Almost Every GOP Senator Just Voted to Keep Letting Terror Suspects Buy Guns

Once again, gun safety measures fail to move forward in Congress after a massacre.

Gun enthusiasts view Sig Sauer rifles at the NRA's annual convention in May 2016.John Sommers II/Reuters via ZUMA Press

Let our journalists help you make sense of the noise: Subscribe to the Mother Jones Daily newsletter and get a recap of news that matters.

In a special Senate session on Monday, US lawmakers once again voted down gun safety regulations introduced in the aftermath of a mass shooting. Each measure needed 60 votes to pass.

The Democratic proposals were brought by Sen. Dianne Feinstein (D-Calif.), and Sen. Chris Murphy (D-Conn.), who led a nearly 15-hour filibuster last week to pressure Republican leaders to hold Monday’s vote. Feinstein’s proposal would have made it possible for the Justice Department to stop anyone from purchasing a firearm if the purchaser has been on the federal terrorist watchlist in the prior five years, a measure backed by the White House. “To me, this isn’t a gun control issue, this is a national security issue,” Feinstein said. “Terrorist groups…know that our gun laws are weak and can be exploited.”

Murphy’s amendment sought to close the so-called gun show loophole—requiring background checks universally for gun buyers, including Internet sales, as well as expanding the federal background check database.

The final votes on these two measures both came in at 47-53 mostly along partisan lines. Sen. Mark Kirk (R-Ill.) was the only Republican to vote in favor of both Democratic bills. Sen. Jon Tester (D-Mont.), chair of the Democratic Senatorial Campaign Committee, voted against Murphy’s measure on background checks. Sen. Kelly Ayotte (R-N.H.) voted for Feinstein’s bill, but against Murphy’s.

“Islamic extremists want the American people to trade our liberties and values with fear and panic.”

The GOP proposals were brought by Sen. John Cornyn (R-Texas) and Sen. Chuck Grassley (R-Iowa). Cornyn’s amendment, similar to one he unsuccessfully introduced last year, required law enforcement to be notified when anyone on the terrorist watchlist attempts to buy a weapon from a licensed gun dealer. If the purchaser has been on the watchlist in the prior five years, the sale could be blocked for up to 72 hours while the attorney general investigates. However, the government would have to show probable cause that the suspect is indeed a known or suspected terrorist.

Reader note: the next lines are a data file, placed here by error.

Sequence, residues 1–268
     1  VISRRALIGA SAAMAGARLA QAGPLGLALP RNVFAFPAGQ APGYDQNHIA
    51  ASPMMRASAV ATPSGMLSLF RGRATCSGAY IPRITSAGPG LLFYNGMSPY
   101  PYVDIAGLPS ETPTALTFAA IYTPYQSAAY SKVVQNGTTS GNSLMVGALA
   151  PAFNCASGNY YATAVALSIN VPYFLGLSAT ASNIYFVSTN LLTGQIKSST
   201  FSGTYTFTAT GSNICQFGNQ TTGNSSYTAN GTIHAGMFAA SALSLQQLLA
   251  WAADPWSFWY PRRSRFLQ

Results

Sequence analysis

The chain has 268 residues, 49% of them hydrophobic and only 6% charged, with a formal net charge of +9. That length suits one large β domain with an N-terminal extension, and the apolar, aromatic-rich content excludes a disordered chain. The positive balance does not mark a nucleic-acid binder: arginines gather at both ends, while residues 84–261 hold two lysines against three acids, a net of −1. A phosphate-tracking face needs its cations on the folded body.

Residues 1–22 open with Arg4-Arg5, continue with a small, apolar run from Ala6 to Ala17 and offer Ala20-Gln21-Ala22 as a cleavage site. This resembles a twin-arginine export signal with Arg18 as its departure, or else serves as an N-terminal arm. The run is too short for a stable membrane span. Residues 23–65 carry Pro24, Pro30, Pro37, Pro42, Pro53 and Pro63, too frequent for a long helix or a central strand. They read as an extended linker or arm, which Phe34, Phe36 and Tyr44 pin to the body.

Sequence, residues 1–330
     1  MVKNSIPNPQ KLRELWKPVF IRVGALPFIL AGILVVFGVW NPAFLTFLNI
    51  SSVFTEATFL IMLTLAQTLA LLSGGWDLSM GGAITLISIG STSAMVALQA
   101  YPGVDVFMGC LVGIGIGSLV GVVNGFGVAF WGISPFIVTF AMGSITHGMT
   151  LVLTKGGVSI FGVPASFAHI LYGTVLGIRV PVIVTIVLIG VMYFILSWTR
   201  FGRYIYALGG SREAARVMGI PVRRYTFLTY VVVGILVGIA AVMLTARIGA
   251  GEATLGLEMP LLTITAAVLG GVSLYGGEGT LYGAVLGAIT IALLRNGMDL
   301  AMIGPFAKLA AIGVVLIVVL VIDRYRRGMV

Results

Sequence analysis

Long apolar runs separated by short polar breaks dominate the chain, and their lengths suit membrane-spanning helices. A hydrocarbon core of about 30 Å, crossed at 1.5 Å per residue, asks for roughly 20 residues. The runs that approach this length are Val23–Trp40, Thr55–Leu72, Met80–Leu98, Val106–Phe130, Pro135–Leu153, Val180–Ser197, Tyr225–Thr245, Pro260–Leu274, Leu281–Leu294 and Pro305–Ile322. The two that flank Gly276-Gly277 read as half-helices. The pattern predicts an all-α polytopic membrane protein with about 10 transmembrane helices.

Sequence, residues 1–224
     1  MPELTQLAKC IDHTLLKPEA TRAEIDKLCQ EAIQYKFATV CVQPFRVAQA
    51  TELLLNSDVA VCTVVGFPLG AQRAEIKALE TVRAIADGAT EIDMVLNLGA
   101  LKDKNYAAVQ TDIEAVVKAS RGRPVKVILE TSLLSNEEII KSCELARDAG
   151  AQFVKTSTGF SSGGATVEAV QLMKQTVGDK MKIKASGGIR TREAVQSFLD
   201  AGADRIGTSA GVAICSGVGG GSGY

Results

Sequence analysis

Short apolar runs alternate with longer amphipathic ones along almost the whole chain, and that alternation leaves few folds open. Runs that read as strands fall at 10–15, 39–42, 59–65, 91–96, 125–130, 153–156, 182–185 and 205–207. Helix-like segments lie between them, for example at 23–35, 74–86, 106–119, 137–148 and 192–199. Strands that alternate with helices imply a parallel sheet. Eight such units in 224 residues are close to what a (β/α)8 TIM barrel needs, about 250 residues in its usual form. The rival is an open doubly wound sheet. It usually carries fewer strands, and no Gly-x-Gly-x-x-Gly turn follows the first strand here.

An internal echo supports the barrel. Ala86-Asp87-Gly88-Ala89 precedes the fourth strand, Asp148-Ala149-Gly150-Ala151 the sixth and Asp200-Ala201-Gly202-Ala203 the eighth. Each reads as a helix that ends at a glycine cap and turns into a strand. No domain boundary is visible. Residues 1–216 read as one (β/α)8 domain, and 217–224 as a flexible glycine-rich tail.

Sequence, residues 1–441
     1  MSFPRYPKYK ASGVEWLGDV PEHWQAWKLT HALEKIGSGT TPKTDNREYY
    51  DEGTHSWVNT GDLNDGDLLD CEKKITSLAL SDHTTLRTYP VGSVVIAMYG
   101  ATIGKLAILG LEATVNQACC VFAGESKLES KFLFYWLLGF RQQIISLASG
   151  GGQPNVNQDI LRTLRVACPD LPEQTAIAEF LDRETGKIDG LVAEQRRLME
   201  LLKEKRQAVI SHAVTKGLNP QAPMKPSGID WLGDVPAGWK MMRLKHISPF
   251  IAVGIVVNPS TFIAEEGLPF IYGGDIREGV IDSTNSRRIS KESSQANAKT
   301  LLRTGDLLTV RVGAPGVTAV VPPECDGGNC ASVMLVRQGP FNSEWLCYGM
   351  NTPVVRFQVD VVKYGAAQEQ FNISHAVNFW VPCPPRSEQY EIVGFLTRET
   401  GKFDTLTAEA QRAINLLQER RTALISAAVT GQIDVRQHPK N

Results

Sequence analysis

“If they’re too dangerous to buy a firearm, they’re too dangerous to be loose on our streets,” Cornyn said. “Islamic extremists want the American people to trade our liberties and values with fear and panic.”

Grassley’s proposal sought to expand funding for the federal background check system and would have defined what it means to be found “mentally incompetent.” The measure also included a process for individuals to challenge a disqualifying diagnosis of mental illness. Sen. Joe Donnelly was the only Democrat to vote in favor of Grassley’s amendment; he also voted in favor of Cornyn’s proposal, as did Democratic Sen. Joe Manchin (W. Va.).

The final votes on these two measures both came in at 47-53, mostly along partisan lines.

The failed measures come in the wake of a massacre in a LGBT club in Orlando that left 49 dead, the worst mass shooting in modern US history.

The votes were deja vu all over again. Last December, Republicans (and a single Democrat) blocked the Denying Firearms and Explosives to Dangerous Terrorists Act of 2015 amendment in the Senate; brought by Sen. Feinstein, it would have empowered the attorney general to use the FBI-administered terrorist watchlist to deny the sale of a firearms to suspected terrorists. 

Also in December, a NRA-backed measure brought by Sen. Cornyn aimed to implement a 72-hour delay for gun purchases by people on the watchlist so that the government could investigate them. It also failed.

According to the New York Times, as of September 2014, there were 800,000 people on the consolidated federal terrorist watchlist. Feinstein said in her remarks on the floor on Monday that there are currently around 1 million people on the list, less than 1 percent of whom are American citizens.


Headshot of Editor in Chief of Mother Jones, Clara Jeffery

It sure feels that way to me, and here at Mother Jones, we’ve been thinking a lot about what journalism needs to do differently, and how we can have the biggest impact.

We kept coming back to one word: corruption. Democracy and the rule of law being undermined by those with wealth and power for their own gain. So we're launching an ambitious Mother Jones Corruption Project to do deep, time-intensive reporting on systemic corruption, and asking the MoJo community to help crowdfund it.

We aim to hire, build a team, and give them the time and space needed to understand how we got here and how we might get out. We want to dig into the forces and decisions that have allowed massive conflicts of interest, influence peddling, and win-at-all-costs politics to flourish.

It's unlike anything we've done, and we have seed funding to get started, but we're looking to raise $500,000 from readers by July when we'll be making key budgeting decisions—and the more resources we have by then, the deeper we can dig. If our plan sounds good to you, please help kickstart it with a tax-deductible donation today.

Thanks for reading—whether or not you can pitch in today, or ever, I'm glad you're with us.

Signed by Clara Jeffery

Clara Jeffery, Editor-in-Chief

payment methods

We Recommend